Trump impeachment trial to resume for final arguments
At only the third impeachment trial of a US president, Trump is all but assured of being acquitted Wednesday, the day after his annual 'State of the Union' speech, which the president said will carry a 'very, very positive message.'
WASHINGTON - US President Donald Trump's impeachment trial resumes for final arguments Monday before an expected acquittal later in the week that Democrats have said will be invalid because no witnesses testified.
The president was impeached in December for abuse of power over pressure on US ally Ukraine to announce investigations that would have helped him politically, including into Joe Biden, a leading challenger for this year's presidential ballot.
Biden is among the candidates Monday in the Iowa caucuses that choose the state's Democratic nominee and mark the official start of election season.
The selection process in largely rural Iowa, coinciding with final impeachment arguments in Washington, will be closely watched as a sign as to which of 11 Democratic candidates are gaining early momentum to challenge Trump in November's election.
At only the third impeachment trial of a US president, Trump is all but assured of being acquitted Wednesday, the day after his annual "State of the Union" speech, which the president said will carry a "very, very positive message."
Republicans hold 53 seats in the Senate to 47 for the Democrats, but a two-thirds majority, or 67 senators, is needed to remove him from office.
Adam Schiff, the leader of the House prosecutors, known as impeachment managers, told CBS on Sunday that it was "pretty remarkable" that senators on both sides had acknowledged that Democrats proved their case against the president.
"But I'm not letting the senators off the hook. We're still going to go into the Senate this week and make the case why this president needs to be removed. It will be up to the senators to make that final judgment, and the senators will be held accountable for it."
Republican Senators Lamar Alexander and Joni Ernst on Sunday said Trump's behavior was troubling but not impeachable.
Alexander, of Tennessee, suggested Trump had been naive in asking a foreign ally to look into Biden and his son Hunter's business dealings in Ukraine, which Republicans have claimed without evidence were corrupt.
But he added: "The bottom line: it's not an excuse. He shouldn't have done it."
JUST TWO REPUBLICANS
Ernst said it was "up to the American people" to decide on Trump's behavior, adding that she would vote Wednesday to acquit the president.
"I think generally speaking, going after corruption is the right thing to do, but he did it in the wrong manner... I think that he could have done it in different channels," she told CNN.
Trump is also accused of obstruction of Congress for ordering officials not to comply with subpoenas for documents and testimony as part of the impeachment inquiry.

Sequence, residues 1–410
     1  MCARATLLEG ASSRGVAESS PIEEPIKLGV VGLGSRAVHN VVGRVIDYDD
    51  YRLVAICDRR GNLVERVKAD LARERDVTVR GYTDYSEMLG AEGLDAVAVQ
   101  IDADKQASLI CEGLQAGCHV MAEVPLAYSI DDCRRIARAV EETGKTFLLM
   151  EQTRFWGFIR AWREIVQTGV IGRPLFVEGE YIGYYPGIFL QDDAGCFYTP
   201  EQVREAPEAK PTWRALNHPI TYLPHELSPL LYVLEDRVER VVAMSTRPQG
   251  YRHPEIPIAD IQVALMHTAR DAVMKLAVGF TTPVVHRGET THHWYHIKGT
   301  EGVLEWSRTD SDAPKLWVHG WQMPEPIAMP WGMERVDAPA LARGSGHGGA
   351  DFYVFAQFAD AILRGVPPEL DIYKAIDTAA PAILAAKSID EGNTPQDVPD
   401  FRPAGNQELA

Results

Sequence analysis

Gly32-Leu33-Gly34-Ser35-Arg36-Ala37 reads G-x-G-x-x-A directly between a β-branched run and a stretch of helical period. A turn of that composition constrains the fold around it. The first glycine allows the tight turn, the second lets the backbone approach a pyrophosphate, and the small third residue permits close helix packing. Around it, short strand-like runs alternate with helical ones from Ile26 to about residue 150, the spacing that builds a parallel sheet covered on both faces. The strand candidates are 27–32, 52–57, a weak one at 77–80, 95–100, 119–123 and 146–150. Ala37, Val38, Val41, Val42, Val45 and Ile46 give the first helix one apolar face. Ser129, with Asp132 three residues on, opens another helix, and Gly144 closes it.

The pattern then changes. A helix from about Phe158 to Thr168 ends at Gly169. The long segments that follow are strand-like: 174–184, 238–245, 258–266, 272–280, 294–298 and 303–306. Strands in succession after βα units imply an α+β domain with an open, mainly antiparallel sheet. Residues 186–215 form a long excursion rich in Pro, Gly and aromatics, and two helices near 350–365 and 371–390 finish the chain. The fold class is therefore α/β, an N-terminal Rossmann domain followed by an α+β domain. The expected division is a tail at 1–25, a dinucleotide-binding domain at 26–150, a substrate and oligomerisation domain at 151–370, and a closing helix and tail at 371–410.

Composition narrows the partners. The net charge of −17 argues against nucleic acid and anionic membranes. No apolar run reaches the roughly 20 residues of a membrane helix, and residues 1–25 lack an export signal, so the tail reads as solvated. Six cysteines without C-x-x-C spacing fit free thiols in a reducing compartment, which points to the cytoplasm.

On Friday, just two Republicans - Mitt Romney of Utah and Susan Collins of Maine - joined Democrats in voting to introduce witnesses, a practice they said was followed at every other impeachment trial in US history.
A narrow majority of Americans believe Trump abused his power and obstructed Congress by withholding documents and testimony during the impeachment inquiry, according to a new NBC/WSJ poll.
But they remain divided on whether he should be kicked from office, with 46% hoping to see him removed and 49 percent saying he should keep his job.
Democrats had been eager to hear from Trump's former national security advisor John Bolton, acting White House chief of staff Mick Mulvaney and other key administration figures caught up in the scandal.
Bolton reportedly says in a forthcoming book that Trump told him military aid to Ukraine was tied to Kiev's investigating Biden - corroborating the central claim against the president.
After the failure to call witnesses, Senate Democratic leader Chuck Schumer said the chamber "did not live up to its responsibilities, turned away from truth and instead went along with a sham trial."
Four contenders for the Democratic nomination - Senators Bernie Sanders, Elizabeth Warren, Amy Klobuchar and Michael Bennet - are required to be back in Washington Monday at the impeachment trial even as the Iowa caucuses take place.
"The Senate is the jury today but we are the jury tomorrow," Pete Buttigieg, who is running third in Iowa, told CNN.
"And we get to send a message at the ballot box that cheating, lying, involving a foreign country in our own domestic politics, not to mention abuse of power more broadly and bad administration, that that's not okay, that we can do better," he said.
Trump, though, on Sunday complained again, in a Fox News interview that he has been treated unfairly "from the day I won."